Event focuses on community-building

Abington is the nation’s first No Place for Hate campus
Stacey Graham

Guest speaker Stacey Graham is a child abuse survivor who told Abington students that her healing process includes using her skills as an attorney to help protect children.

Credit: Pam Brobst

Penn State Abington students clearly were busy and a little anxious last week as they rushed to take midterms and deliver projects due before spring break. But many also made time for healing and community-building by participating in No Place for Hate (NPFH) experiences aimed at preventing violence, abuse and bigotry directed at children and all members of our society.

Four days of workshops, dialogues and other activities focused on religious tolerance, team building, anti-hazing, and recognizing and preventing child sexual abuse. The experiences open to faculty, staff and students included:

-- Students learned during an anti-hazing workshop that hazing isn’t just a “Greek problem.” Sports teams, clubs and organizations of all kinds also use extreme bullying as an excuse to build loyalty.

-- Participants in a Day of Silence wore placards and carried journals to call attention to bullying and harassment in schools. They took a vow of silence to illustrate the silencing effect of harassment on those perceived as "different.”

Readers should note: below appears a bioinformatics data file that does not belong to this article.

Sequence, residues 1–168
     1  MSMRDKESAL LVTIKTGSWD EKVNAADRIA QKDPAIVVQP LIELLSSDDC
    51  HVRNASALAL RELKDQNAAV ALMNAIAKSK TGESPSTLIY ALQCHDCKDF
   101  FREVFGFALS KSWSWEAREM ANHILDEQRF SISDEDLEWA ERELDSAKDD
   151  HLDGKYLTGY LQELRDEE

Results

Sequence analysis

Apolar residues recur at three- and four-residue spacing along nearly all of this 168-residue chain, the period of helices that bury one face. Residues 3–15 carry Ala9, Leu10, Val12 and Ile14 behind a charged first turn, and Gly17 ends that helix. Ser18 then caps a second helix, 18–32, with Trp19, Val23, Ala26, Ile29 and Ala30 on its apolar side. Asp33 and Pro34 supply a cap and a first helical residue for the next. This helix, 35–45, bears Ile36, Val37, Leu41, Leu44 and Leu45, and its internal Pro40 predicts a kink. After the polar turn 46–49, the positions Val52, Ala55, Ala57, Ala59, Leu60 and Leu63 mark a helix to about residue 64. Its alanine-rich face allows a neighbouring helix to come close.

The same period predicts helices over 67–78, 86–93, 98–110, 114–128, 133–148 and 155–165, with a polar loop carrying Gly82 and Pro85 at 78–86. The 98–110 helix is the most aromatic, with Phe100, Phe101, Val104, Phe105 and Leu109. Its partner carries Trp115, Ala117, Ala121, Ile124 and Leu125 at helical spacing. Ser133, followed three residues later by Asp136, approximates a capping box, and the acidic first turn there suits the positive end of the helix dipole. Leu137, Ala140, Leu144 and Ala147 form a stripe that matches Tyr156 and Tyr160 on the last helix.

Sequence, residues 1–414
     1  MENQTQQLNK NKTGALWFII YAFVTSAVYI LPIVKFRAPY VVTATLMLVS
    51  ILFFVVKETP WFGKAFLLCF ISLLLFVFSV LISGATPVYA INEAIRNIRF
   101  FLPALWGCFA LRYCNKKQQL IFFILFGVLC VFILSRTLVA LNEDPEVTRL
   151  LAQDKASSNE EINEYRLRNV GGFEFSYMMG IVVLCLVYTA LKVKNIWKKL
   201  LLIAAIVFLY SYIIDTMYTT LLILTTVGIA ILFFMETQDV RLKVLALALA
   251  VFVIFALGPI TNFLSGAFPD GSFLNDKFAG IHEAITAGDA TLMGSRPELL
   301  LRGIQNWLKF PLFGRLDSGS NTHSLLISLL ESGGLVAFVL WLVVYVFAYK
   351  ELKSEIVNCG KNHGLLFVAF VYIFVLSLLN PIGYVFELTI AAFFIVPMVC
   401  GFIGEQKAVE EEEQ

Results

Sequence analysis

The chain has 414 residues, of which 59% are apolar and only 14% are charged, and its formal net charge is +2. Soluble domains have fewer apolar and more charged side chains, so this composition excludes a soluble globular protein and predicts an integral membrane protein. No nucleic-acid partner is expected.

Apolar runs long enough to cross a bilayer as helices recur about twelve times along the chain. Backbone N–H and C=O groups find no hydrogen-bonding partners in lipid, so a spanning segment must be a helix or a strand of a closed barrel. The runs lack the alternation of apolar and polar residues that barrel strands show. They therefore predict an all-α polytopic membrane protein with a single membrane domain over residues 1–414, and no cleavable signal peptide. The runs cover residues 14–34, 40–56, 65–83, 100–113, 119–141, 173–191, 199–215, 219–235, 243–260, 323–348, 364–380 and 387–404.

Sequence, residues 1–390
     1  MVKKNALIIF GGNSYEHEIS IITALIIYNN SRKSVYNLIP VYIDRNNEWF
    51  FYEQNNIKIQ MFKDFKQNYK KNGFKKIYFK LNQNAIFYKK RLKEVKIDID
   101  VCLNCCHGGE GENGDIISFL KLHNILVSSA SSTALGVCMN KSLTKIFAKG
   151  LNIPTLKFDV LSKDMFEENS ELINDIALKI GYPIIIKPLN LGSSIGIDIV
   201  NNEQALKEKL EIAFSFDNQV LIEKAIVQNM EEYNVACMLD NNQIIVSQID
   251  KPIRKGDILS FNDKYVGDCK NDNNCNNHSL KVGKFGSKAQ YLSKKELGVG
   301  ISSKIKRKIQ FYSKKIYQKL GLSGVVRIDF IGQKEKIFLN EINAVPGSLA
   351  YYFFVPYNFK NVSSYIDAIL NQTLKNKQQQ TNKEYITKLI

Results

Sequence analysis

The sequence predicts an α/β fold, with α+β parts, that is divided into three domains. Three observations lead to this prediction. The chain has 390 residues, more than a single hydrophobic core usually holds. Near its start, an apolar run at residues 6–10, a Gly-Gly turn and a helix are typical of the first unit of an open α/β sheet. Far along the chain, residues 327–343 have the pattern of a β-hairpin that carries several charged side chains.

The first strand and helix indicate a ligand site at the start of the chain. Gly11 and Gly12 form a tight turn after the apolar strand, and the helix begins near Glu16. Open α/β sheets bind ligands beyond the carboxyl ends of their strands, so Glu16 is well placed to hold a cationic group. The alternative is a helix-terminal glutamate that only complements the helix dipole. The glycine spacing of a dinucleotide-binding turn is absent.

-- Two days of team building exercises created stronger bonds among Abington’s diverse campus community.

-- A fellowship service and film was intended to engage and engender respect for all religious beliefs.

-- Guest speaker Stacey Graham, legal counsel for a Philadelphia city councilman, told the story of the horrific abuse she suffered in the child-welfare system. Her healing process focuses on using her legal skills to help protect the next generation of children.

-- Suzanne Stutman, professor of English at Abington, facilitated a sharing circle following Graham’s presentation. Stutman and Graham were joined by others who discussed the healing process from the variety of perspectives including as a professional working with victims, survivors and parents.

As the sharing circle came to a close, the students were encouraged to “let no child be invisible.”

Each spring, Abington students organize a week of meaningful NPFH experiences for the campus community. Abington became the first college campus in the nation to be named a NPFH campus by the Anti-Defamation League in 2006, and it has been recertified each year. Anti-bullying and anti-bias projects supplemented by policies that emphasize inclusion have been vital to Abington’s continued development as an NPFH campus.